I can always rely on Acts & Facts from the Institute for Creation Research to provide me with some wrong-headed diversion. The November 2009 issue was no exception.
ICR makes a fetish of appending academic degrees to the names of the authors in its publications. It's probably supposed to give their articles a veneer of scientific credibility. Brian Thomas, the writer of Did Humans Evolve from “Ardi”? glories in the possession of an M.S. He is featured in Acts & Facts as a science writer—at least, that's what they call him. In this role, he takes on the classification of Ardipithecus ramidus as a likely human ancestor and the unresolved questions that are still being addressed.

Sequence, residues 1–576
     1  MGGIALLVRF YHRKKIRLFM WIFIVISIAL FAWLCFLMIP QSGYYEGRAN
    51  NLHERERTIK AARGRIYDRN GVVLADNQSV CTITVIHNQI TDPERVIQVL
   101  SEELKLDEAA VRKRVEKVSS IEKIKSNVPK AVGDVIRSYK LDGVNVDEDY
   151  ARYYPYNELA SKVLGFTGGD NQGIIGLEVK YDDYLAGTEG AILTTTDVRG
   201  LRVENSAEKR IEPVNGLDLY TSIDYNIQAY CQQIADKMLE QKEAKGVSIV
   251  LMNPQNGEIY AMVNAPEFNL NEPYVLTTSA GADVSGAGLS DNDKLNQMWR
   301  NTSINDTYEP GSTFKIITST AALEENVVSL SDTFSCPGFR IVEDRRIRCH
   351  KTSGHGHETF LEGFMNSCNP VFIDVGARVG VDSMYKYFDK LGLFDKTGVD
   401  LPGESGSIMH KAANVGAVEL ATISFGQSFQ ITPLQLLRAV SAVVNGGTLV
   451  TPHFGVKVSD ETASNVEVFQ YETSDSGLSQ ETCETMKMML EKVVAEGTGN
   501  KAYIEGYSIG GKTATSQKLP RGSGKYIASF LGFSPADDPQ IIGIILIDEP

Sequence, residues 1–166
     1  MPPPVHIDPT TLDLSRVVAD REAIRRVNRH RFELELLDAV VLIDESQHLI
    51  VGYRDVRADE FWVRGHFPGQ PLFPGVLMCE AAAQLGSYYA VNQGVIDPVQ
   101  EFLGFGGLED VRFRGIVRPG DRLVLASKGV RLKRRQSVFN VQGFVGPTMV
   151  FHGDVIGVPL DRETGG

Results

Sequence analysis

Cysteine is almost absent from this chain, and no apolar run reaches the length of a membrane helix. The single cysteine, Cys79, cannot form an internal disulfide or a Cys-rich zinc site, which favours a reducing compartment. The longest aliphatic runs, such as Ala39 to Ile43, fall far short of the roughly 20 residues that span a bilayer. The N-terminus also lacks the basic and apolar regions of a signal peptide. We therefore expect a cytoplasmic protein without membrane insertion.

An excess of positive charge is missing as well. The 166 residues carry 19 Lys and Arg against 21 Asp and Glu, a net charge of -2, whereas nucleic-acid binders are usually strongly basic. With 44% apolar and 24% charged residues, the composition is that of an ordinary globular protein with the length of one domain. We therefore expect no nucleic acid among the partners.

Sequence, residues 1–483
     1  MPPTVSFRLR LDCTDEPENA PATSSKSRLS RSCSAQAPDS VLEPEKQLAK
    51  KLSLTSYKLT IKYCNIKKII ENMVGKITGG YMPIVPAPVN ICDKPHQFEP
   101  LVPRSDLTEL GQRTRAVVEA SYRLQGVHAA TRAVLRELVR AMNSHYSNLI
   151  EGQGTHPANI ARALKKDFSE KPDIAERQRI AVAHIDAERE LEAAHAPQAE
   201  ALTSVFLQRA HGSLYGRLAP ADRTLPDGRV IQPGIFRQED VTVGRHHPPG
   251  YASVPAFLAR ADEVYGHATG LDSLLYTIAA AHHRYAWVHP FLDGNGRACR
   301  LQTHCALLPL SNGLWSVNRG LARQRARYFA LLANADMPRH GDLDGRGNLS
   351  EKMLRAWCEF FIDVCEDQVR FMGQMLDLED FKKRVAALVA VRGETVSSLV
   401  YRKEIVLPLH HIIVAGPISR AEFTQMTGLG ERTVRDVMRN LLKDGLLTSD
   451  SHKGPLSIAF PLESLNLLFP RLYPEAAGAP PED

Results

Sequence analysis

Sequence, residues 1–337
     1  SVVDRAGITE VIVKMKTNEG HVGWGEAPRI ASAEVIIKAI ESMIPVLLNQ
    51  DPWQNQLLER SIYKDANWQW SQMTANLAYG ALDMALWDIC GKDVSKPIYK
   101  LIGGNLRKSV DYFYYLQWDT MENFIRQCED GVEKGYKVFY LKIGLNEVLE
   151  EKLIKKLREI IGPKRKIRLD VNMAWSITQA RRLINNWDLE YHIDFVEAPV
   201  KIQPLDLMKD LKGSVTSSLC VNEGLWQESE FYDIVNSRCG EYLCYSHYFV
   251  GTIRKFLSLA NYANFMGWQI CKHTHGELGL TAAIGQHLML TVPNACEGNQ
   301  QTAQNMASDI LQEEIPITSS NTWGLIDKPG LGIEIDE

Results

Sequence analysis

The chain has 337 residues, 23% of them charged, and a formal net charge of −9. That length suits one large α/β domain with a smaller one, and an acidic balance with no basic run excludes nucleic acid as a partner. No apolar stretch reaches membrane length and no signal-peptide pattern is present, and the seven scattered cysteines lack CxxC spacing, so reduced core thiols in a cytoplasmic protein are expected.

Speculation and evolutionary guesswork, not scientific observations, are offered to bridge these gaps. Consistent with this is the broad use of speculative verbiage on the part of the authors. In the eleven papers in Science, the word “probably” appeared about 78 times, and “suggest,” “suggesting,” “suggestive,” or “suggests” were used 117 times, among other terms that are associated with an unsubstantiated story rather than a scientific description.I find this interesting. The ICR's “science” writer, who holds a master of “science” degree, appears to think that tentative conclusions have no place in scientific publications. What is that degree in? Political science?